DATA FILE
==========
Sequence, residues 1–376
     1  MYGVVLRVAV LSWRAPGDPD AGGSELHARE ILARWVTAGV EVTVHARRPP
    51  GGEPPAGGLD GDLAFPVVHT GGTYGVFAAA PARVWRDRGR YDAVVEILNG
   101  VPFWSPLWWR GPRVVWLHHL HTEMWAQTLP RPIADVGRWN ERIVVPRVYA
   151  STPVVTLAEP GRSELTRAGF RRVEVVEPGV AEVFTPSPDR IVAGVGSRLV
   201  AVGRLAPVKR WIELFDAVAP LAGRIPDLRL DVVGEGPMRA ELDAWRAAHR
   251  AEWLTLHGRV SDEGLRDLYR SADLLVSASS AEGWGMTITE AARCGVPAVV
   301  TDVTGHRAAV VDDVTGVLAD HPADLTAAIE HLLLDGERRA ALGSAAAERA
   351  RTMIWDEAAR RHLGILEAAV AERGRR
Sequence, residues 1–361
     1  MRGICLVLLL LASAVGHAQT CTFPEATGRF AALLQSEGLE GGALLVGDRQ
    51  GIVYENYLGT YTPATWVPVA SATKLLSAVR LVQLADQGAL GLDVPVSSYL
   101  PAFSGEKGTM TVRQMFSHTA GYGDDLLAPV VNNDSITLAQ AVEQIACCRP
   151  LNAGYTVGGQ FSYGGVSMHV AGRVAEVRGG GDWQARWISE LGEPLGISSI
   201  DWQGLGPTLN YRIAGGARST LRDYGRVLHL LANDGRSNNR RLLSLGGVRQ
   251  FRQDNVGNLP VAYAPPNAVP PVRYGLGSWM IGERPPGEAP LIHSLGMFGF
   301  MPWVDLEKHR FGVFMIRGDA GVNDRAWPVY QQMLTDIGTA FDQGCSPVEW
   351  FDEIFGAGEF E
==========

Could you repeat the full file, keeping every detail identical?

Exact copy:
Sequence, residues 1–376
     1  MYGVVLRVAV LSWRAPGDPD AGGSELHARE ILARWVTAGV EVTVHARRPP
    51  GGEPPAGGLD GDLAFPVVHT GGTYGVFAAA PARVWRDRGR YDAVVEILNG
   101  VPFWSPLWWR GPRVVWLHHL HTEMWAQTLP RPIADVGRWN ERIVVPRVYA
   151  STPVVTLAEP GRSELTRAGF RRVEVVEPGV AEVFTPSPDR IVAGVGSRLV
   201  AVGRLAPVKR WIELFDAVAP LAGRIPDLRL DVVGEGPMRA ELDAWRAAHR
   251  AEWLTLHGRV SDEGLRDLYR SADLLVSASS AEGWGMTITE AARCGVPAVV
   301  TDVTGHRAAV VDDVTGVLAD HPADLTAAIE HLLLDGERRA ALGSAAAERA
   351  RTMIWDEAAR RHLGILEAAV AERGRR
Sequence, residues 1–361
     1  MRGICLVLLL LASAVGHAQT CTFPEATGRF AALLQSEGLE GGALLVGDRQ
    51  GIVYENYLGT YTPATWVPVA SATKLLSAVR LVQLADQGAL GLDVPVSSYL
   101  PAFSGEKGTM TVRQMFSHTA GYGDDLLAPV VNNDSITLAQ AVEQIACCRP
   151  LNAGYTVGGQ FSYGGVSMHV AGRVAEVRGG GDWQARWISE LGEPLGISSI
   201  DWQGLGPTLN YRIAGGARST LRDYGRVLHL LANDGRSNNR RLLSLGGVRQ
   251  FRQDNVGNLP VAYAPPNAVP PVRYGLGSWM IGERPPGEAP LIHSLGMFGF
   301  MPWVDLEKHR FGVFMIRGDA GVNDRAWPVY QQMLTDIGTA FDQGCSPVEW
   351  FDEIFGAGEF E